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TelevisionWeek contributing writer Daisy Whitney is blogging about the pinnacles and pitfalls facing viewers who want to consume television in new ways. Check in frequently as Daisy kicks the tires on the new media juggernaut and dishes on which services do -- and don’t -- make the cut.

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Trial and Error



Exclusive Online Content Makes Sense for Creators

March 17, 2009 2:21 PM

In the age of digital distribution of media, content creators might want to consider offering some exclusive content online. That was the advice shared by musician Jonathan Coulton, who has become something of a Web star for releasing his music online without copyright protection on his own site, during a panel at the South by Southwest Festival in Austin, Texas.

 South by Southwest Festival in Austin

NETWORKING Where business gets done at South by Southwest—in the halls.

“The idea of exclusive content is not crazy,” he said. “It makes a lot of sense where if you are a member of the fan club, you get the CD. But be prepared for a lot of leakage and don’t worry about it, because there’s not a lot you can do about it.”

(Leakage doesn’t sound so pretty!)

But seriously, while Mr. Coulton’s advice was largely for musicians, I want to know if you think there is applicability to video content. What can video producers offer on an exclusive basis? Can anything even be exclusive anymore?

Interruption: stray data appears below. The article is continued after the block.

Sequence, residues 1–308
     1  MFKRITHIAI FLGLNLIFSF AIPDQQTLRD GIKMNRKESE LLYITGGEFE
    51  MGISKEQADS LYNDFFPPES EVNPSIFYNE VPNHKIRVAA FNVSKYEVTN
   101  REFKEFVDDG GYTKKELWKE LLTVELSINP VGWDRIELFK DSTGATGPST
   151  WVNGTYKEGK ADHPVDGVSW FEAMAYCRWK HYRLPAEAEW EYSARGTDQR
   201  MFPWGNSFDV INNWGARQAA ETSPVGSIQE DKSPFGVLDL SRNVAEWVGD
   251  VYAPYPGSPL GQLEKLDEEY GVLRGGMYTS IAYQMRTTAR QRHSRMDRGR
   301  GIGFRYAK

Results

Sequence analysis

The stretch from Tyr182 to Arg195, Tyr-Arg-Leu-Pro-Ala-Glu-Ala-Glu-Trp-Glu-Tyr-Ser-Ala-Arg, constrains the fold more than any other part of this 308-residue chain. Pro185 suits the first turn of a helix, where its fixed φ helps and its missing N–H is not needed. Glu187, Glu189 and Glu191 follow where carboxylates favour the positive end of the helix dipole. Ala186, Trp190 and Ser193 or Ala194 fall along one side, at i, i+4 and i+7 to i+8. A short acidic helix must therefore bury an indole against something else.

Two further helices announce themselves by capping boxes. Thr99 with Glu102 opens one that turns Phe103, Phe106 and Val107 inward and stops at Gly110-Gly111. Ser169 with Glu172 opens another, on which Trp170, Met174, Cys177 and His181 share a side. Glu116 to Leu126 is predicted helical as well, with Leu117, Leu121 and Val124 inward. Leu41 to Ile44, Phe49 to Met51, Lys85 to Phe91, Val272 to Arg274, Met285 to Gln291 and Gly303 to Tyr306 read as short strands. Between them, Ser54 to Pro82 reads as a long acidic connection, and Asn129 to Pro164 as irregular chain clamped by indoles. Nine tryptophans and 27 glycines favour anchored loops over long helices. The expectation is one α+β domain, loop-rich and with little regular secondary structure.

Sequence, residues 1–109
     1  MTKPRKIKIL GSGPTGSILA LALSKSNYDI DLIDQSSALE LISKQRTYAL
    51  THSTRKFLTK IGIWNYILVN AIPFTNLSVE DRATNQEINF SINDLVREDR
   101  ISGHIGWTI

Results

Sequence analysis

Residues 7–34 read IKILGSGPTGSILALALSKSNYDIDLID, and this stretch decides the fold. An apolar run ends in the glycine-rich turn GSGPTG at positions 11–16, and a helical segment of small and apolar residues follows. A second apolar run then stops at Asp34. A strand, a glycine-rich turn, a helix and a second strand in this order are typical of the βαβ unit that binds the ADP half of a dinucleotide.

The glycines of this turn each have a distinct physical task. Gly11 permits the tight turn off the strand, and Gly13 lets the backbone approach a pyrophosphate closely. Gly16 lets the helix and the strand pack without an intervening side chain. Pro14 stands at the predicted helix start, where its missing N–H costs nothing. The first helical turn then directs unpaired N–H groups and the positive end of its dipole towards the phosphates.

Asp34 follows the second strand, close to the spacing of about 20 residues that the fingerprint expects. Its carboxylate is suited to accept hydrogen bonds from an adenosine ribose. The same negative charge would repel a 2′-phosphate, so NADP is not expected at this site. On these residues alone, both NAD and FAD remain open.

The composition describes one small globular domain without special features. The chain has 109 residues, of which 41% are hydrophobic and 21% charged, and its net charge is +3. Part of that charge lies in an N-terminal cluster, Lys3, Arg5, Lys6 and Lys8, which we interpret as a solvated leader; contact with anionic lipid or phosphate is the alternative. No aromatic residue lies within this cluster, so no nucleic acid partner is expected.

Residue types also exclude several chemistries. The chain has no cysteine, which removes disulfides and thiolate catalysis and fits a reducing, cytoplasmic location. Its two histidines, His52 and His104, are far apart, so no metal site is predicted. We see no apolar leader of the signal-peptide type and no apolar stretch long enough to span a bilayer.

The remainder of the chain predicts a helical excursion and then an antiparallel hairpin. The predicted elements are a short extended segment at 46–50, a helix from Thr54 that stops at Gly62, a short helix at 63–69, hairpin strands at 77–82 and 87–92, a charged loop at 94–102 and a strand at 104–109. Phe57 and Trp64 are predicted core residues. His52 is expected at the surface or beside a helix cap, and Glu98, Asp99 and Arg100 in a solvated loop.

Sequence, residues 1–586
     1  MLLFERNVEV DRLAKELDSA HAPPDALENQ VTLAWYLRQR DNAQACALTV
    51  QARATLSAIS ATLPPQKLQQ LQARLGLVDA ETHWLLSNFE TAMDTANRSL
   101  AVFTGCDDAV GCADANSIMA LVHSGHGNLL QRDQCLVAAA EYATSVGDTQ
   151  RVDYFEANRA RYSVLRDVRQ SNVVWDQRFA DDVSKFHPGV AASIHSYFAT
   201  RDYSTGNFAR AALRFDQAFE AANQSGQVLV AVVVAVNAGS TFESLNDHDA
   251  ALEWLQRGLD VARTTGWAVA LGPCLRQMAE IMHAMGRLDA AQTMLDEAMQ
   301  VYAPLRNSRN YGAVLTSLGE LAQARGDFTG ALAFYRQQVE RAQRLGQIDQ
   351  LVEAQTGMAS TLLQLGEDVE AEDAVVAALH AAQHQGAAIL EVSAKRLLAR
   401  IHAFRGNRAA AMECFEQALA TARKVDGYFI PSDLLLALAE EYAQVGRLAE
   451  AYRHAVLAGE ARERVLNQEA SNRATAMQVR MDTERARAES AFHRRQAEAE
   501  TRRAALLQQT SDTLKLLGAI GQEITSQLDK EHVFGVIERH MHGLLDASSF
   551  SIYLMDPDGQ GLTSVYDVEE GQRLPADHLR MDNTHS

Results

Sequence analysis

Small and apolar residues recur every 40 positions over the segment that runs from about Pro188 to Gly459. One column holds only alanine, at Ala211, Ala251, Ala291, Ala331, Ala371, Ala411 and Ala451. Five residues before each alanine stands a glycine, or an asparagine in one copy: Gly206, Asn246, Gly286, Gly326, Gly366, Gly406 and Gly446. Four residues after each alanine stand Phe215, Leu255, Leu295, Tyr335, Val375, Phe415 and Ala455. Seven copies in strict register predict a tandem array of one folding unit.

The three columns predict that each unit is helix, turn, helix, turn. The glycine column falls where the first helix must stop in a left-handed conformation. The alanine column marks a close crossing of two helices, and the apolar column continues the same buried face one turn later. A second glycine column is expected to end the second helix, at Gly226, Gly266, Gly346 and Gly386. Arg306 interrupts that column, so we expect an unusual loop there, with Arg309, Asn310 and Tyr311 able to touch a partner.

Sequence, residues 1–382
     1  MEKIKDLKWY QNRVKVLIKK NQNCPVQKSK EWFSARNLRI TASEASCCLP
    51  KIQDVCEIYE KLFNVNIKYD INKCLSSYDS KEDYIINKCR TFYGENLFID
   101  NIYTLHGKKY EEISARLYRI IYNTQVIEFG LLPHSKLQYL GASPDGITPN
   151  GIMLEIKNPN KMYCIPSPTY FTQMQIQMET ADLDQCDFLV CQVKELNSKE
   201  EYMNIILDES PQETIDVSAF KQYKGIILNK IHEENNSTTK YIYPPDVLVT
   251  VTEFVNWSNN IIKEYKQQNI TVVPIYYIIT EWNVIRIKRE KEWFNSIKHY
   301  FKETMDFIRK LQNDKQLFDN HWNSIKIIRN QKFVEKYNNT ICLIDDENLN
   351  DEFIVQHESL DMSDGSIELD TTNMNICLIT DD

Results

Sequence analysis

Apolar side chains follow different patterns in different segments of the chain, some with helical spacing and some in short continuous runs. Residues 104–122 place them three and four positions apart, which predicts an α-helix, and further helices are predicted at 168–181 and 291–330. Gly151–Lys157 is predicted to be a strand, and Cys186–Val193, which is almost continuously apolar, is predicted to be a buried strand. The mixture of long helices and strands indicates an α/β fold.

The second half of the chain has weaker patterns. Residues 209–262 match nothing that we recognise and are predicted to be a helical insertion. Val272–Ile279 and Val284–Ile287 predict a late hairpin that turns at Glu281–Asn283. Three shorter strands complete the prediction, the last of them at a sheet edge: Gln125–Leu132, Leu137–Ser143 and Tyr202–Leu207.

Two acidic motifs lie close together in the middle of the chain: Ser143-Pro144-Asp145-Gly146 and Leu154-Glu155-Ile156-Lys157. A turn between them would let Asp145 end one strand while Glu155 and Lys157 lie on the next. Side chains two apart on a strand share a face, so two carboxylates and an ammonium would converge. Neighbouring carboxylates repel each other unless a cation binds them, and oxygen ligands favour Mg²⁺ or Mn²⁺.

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Comments (3)

Andy S.:

It's exclusive only in the sense that you have to go to the website to get it. Perhaps a better word would be "promotional," because you're offering something for free in the hopes of monetizing it in another form down the line.

In music, recordings are increasingly being seen as promotional; that is, their value as saleable commodities in themselves has been eroded by the internet and easy digital distribution, so they're becoming little more than vehicles to get fans to pay for live performances and ancillary merchandise. I assume that's Coulton's business model. (Incidentally, I'm familiar with some of his songs, and they're very good, by and large.)

TV producers and networks want eyeballs on their websites, so they put webisodes on them, exclusive content that viewers can only get on the site. The monetization comes from selling ads, or in the stickiness of increased fan engagement. They must realize that a lot of their future business will be done on that platform, so they've got to find the way to condition viewer behavior in such a way that it will make financial sense to continue making television content.

Buck:

True, so long as "Exclusive Online Content" isn't synonymous with "Exclusive Online Crap." That's been the case for the past few years, because when the overhead is lower than broadcast content, producers get greedy and shrink the overhead far lower than it should go, and all that goes online is crap. When producers and studios get confident enough that their online success can be as lucrative as or more than their broadcast counterpart, we'll start seeing some actually good pieces.

Hayden Black:

We (Evil Global Corp) produced 20 episodes of Goodnight Burbank: Hollywood Report exclusively for Babelgum. Without going into the more intimate terms of the deal, they licensed the episodes for one year on the net and 3 on mobile.

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